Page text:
Although only Appian's books on the Roman Civil Wars survive in their entirety, large parts of the other books, devoted to Rome's foreign wars, have also come down to us. The parts on the Third Punic War, the wars in Iberia, the Illyrian Wars, and the Mithridatic Wars are very important historical sources.
Because these texts have to be reconstructed from several medieval manuscripts, not all editions of Appian's account of Rome's foreign wars are numbered in the same way. On these pages, the separate units of a book are counted strictly chronologically.
The translation was made by Horace White; notes by Jona Lendering.
The War of fire
 Not long afterward thosenote[The Lusitanians.] who had escaped the villainy of Lucullus and Galba,note[In the preceding chapters, Appian has described aggressive campaigns by consul Lucius Licinius Lucullus and praetor Servius Sulpicius Galba in 151-150. The story is resumed in 147 BCE. The name "War of fire", which Appian does not use, was coined by the Greek historian Polybius of Megalopolis, one of Appian's sources.] having collected together to the number of 10,000, overran Turditania.
Gaius Vetilius marched against them, bringing a new army from Rome and taking also the soldiers already in Spain, so that he had about 10,000 men. He fell upon their foragers, killed many of them, and forced the rest into a place where, if they stayed, they were in danger of famine, and if they came out would fall into the hands of the Romans. Being in these straits they sent messengers to Vetilius with olive-branchesnote[A sign that one wanted peace.] asking land for a dwelling place, and agreeing from that time on to obey the Romans in all things.
He promised to give them the land, and an agreement was nearly made to that effect when Viriathus, who had escaped the perfidy of Galba and was then among them, reminded them of the bad faith of the Romans, told them how the latter had often set upon them in violation of oaths, and how this whole army was composed of men who had escaped from the perjuries of Galba and Lucullus. If they would obey him, he said, he would show them a safe retreat from this place.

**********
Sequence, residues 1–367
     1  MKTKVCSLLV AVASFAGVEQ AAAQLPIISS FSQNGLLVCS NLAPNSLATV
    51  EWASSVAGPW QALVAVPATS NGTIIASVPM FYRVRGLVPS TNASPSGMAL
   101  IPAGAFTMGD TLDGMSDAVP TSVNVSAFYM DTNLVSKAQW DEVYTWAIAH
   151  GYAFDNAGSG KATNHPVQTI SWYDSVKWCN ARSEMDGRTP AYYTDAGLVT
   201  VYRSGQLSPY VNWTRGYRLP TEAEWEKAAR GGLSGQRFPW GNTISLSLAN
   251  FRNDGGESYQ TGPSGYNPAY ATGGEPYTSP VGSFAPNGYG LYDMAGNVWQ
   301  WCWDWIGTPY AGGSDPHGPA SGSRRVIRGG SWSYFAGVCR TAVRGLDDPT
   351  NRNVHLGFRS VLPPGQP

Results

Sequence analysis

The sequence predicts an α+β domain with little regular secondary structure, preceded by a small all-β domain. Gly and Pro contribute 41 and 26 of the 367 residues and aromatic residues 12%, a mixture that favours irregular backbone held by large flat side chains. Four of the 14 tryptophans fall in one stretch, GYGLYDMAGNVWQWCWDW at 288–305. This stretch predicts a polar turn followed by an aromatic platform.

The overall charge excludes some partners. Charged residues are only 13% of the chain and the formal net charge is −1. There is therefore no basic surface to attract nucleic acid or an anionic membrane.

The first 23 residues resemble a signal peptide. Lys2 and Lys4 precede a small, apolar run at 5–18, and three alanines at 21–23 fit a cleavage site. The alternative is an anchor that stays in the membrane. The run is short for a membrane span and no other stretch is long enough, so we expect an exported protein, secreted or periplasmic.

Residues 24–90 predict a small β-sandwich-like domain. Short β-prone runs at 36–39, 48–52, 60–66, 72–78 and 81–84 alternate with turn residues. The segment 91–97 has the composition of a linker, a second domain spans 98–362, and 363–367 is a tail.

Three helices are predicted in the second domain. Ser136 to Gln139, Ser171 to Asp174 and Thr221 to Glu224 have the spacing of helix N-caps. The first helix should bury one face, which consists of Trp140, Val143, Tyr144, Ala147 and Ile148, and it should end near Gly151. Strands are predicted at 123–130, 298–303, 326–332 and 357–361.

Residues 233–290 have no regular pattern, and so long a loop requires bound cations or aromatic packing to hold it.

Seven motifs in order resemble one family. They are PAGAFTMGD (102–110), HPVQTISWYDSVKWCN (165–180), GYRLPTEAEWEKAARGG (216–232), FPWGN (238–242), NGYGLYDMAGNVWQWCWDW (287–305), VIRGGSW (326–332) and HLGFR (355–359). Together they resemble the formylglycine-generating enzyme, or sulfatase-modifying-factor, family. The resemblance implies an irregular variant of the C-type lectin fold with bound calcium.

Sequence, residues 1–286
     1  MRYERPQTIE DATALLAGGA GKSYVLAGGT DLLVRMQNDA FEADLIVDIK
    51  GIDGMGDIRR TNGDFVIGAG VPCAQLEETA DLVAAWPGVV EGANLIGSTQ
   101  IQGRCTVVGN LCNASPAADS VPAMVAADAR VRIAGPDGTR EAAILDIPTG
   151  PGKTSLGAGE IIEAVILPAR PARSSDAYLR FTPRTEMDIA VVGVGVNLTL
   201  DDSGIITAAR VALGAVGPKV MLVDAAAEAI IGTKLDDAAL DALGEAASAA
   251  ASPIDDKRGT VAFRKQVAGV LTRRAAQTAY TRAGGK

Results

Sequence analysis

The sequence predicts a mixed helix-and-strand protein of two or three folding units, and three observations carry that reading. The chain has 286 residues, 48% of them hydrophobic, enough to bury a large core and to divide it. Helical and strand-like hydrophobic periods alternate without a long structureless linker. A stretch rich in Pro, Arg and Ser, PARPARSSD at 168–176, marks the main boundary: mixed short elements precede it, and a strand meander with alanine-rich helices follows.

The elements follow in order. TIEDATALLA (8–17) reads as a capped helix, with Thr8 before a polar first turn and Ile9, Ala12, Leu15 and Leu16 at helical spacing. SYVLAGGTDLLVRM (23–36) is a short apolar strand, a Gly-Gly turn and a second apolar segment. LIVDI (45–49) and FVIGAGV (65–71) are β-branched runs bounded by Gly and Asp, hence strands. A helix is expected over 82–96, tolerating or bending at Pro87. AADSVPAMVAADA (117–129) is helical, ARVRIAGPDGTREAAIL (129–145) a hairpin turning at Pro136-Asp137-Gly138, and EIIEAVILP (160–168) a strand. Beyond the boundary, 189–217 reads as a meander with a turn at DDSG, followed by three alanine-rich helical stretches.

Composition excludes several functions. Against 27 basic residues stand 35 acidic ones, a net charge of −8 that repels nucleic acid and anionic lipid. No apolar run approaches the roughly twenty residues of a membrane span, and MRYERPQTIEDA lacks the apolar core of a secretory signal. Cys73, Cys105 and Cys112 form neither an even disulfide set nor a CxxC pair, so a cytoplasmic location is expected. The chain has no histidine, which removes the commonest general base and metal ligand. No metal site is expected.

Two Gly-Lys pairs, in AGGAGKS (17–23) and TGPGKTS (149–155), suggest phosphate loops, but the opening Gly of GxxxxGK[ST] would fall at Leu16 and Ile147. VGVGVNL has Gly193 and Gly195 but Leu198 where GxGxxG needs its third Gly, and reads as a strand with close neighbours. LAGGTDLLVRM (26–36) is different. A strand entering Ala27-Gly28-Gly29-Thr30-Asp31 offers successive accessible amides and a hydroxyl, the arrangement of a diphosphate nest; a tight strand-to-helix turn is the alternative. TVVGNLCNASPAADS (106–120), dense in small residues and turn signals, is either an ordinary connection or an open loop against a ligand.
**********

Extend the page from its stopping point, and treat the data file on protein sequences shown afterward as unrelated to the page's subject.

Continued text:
Excited by the new hopes with which he inspired them, they chose him as their leader. He drew them up in line of battle as though he intended to fight, but gave them orders that when he should mount his horse they should scatter in every direction and make their way by different routes to the city of Tribola and there wait for him. He chose 1,000 only whom he commanded to stay with him. These arrangements having been made, they all fled as soon as Viriathus mounted his horse, Vetilius was afraid to pursue those who had scattered in so many different ways, but turning towards Viriathus who was standing there and apparently waiting a chance to attack, joined battle with him. The latter, having very swift horses, harassed the Romans by attacking, then retreating, again standing still and again attacking, and thus consumed the whole of that day and the next dashing around on the same field. As soon as he conjectured that the others had made good their escape, he hastened away in the night by devious paths and arrived at Tribola with his nimble steeds, the Romans not being able to follow him at an equal pace by reason of the weight of their armor, their ignorance of the roads, and the inferiority of their horses. Thus did Viriathus, in an unexpected way, rescue his army from a desperate situation. This feat, coming to the knowledge of the various tribes of that vicinity, brought him fame and many reinforcements from different quarters, and enabled him to wage war against the Romans for eight years.
 It is my intention here to relate this war with Viriathus, so very harassing to the Romans and so badly managed by them, and to take up hereafter the other events that happened in Spain at the same time.